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  • Yunus Dervish Million Lira Turkey Authentic Coin Money for Jewelry and Craft Making
  • Yunus Dervish Million Lira Turkey Authentic Coin Money for Jewelry and Craft Making
  • Yunus Dervish Million Lira Turkey Authentic Coin Money for Jewelry and Craft Making
  • Yunus Dervish Million Lira Turkey Authentic Coin Money for Jewelry and Craft Making
  • Yunus Dervish Million Lira Turkey Authentic Coin Money for Jewelry and Craft Making
  • Yunus Dervish Million Lira Turkey Authentic Coin Money for Jewelry and Craft Making
  • Yunus Dervish Million Lira Turkey Authentic Coin Money for Jewelry and Craft Making
  • Yunus Dervish Million Lira Turkey Authentic Coin Money for Jewelry and Craft Making
  • Yunus Dervish Million Lira Turkey Authentic Coin Money for Jewelry and Craft Making
  • Yunus Dervish Million Lira Turkey Authentic Coin Money for Jewelry and Craft Making
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Yunus Dervish Million Lira Turkey Authentic Coin Money for Jewelry and Craft Making

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Yunus the Dervish 1,000,000 Lira Turkey Authentic Coin Charm for Jewelry and Craft Making

Commemorative issue: Yunus Emre (Yunus the Dervish)

Obverse: Value and date within sprigs
Lettering: TÜRKIYE CUMHURIYETI
1.000.000 LIRA 2002

Reverse: Turbaned bust 1/4 left divides dates

Lettering: ADIMIZ MİSKİNDİR BİZİM DÜŞMANIMIZ KİNDİR BİZİM
1240 1320
YUNUS EMRE

Features
Issuer Turkey
Period Republic (1923-date)
Type Circulating commemorative coin
Year 2002
Value 1000000 Lira (1 000 000 TRL)
Currency Old lira (1923-2005)
Composition Copper-nickel
Weight 12 g
Diameter 31.9 mm
Shape Round
Technique Milled
Orientation Medal alignment ↑↑
Demonetized Yes
Number N# 9269
References KM# 1163

Wikipedia:
Yunus Emre (Turkish pronunciation: [juˈnus emˈɾe]) also known as Derviş Yunus (Yunus the Dervish) (1238–1328) was a Turkish folk poet and Sufi mystic who greatly influenced Turkish culture. His name, Yunus, is the equivalent to the English name Jonah. He wrote in Old Anatolian Turkish, an early stage of Turkish. The UNESCO General Conference unanimously passed a resolution declaring 1991, the 750th anniversary of the poet's birth, International Yunus Emre Year.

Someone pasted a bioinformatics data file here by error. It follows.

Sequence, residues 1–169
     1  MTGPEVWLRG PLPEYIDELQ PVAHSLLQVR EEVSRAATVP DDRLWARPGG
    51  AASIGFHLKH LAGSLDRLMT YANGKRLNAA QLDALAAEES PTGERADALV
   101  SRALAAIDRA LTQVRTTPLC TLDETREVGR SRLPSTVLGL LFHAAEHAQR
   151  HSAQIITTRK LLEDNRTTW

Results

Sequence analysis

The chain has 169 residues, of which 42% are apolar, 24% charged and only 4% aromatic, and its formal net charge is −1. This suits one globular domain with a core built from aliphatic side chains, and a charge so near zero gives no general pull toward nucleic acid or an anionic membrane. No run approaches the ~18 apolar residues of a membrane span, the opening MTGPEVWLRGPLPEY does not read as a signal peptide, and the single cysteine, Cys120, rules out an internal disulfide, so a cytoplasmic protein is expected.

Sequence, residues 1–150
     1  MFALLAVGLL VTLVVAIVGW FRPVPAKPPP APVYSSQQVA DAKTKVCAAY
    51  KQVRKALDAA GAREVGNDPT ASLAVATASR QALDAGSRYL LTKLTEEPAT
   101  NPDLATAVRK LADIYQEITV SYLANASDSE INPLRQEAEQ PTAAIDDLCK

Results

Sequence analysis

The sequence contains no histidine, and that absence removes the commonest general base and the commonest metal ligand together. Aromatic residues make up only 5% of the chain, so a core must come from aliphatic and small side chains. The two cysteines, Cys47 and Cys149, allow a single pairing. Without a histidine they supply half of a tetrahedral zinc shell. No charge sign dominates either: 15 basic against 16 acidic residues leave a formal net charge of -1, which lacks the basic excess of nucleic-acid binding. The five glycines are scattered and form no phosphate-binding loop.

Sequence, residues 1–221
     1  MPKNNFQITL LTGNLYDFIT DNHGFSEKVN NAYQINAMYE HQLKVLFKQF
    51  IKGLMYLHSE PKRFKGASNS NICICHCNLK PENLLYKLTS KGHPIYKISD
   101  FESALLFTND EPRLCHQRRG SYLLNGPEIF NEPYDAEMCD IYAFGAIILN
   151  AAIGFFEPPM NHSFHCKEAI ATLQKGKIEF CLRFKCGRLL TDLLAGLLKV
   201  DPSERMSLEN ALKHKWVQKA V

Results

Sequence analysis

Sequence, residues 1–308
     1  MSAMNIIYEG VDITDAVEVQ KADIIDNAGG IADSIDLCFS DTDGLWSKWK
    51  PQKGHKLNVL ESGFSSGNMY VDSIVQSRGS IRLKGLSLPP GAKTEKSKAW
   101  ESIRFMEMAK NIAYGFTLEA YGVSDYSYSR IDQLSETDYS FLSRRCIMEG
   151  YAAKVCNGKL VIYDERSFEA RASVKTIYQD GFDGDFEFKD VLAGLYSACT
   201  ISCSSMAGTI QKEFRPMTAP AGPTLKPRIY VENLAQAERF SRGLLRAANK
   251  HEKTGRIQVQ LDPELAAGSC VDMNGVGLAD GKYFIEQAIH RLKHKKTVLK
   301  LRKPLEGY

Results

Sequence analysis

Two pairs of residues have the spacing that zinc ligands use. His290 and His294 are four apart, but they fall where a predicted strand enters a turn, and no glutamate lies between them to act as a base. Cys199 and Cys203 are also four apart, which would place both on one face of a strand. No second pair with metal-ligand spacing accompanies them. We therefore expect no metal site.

There are very few details about the exact life of Yunus Emre. We know most of the details from his poems. He was born in a small village named Sarıköy, which was renamed as Yunusemre in modern Turkey, located at the junction of Porsuk Creek and Sakarya River. When a famine hit his village he was sent to Haji Bektash Veli to ask for wheat. There Haji Bektash Veli asked him the famous question: "Do you want breath or wheat?" Not knowing what breath was Yunus Emre asked for wheat and afterwards when he understood what the breath was he regretted his decision and asked for breath. Haji Bektash Veli told him that was a one-time offer and the key to his heart was given to Tapduk Emre. Yunus Emre took the wheat to his village and went to Tapduk Emre to get the breath he was supposed to. He served at the Tapduk Emre lodge for forty years before being matured and becoming a Sufi master. Afterwards he traveled all around Anatolia, Syria, and Azerbaijan and told his poems to awaken people and invite them to the truth. During his travels he also met Rumi and stayed with him for a few days.

Yunus Emre has exercised immense influence on Turkish literature from his own day until the present, because Yunus Emre is, after Ahmed Yesevi and Sultan Walad, one of the first known poets to have composed works in the spoken Turkish of his own age and region rather than in Persian or Arabic. His diction remains very close to the popular speech of the people in Central and Western Anatolia. This is also the language of a number of anonymous folk-poets, folk-songs, fairy tales, riddles (tekerlemeler), and proverbs. Yunus Emre was a Muslim.

Like the Oghuz Book of Dede Korkut, an older and anonymous Central Asian epic, the Turkish folklore that inspired Yunus Emre in his occasional use of tekerlemeler as a poetic device had been handed down orally to him and his contemporaries. This strictly oral tradition continued for a long while. Following the Mongolian invasion of Anatolia facilitated by the Sultanate of Rûm's defeat at the 1243 Battle of Köse Dağ, Islamic mystic literature thrived in Anatolia, and Yunus Emre became one of its most distinguished poets. Poems of Sultan Yunus Emre — despite being fairly simple on the surface — evidence his skill in describing quite abstruse mystical concepts in a clear way. He remains a popular figure in a number of countries, stretching from Azerbaijan to the Balkans, with seven different and widely dispersed localities disputing the privilege of having his tomb within their boundaries. Yunus Emre's most important book is Risaletu’n Nushiyye.

His poems, written in the tradition of Anatolian folk poetry, mainly concern divine love as well as human destiny:

Yunus'dur benim adım
Gün geçtikçe artar odum
İki cihanda maksûdum
Bana seni gerek seni.

Yunus is my name,
Each passing day fans and rouses my flame,
What I desire in both worlds is the same:
You're the one I need, you're the one I crave.

and

Araya araya bulsam izini
İzinin tozuna sürsem yüzümü
Hak nasip eylese, görsem yüzünü
Ya Muhammed canım arzular seni

Bir mübarek sefer olsa da gitsem
Kâbe yollarında kumlara batsam
Mâh cemalin bir kez düşte seyretsem
Ya Muhammed canım pek sever seni

Ali ile Hasan-Hüseyin anda
Sevgisi gönülde, muhabbet canda
Yarın mahşer günü hak divanında
Ya Muhammed canım pek sever seni

"Yunus" senin medhin eder dillerde
Dillerde, dillerde, hem gönüllerde
Arayı arayı gurbet illerde
Ya Muhammed canım arzular seni

(Poem about Muhammad (صل اللہ علیہ وسلم), Ali, Hassan and Hussein.)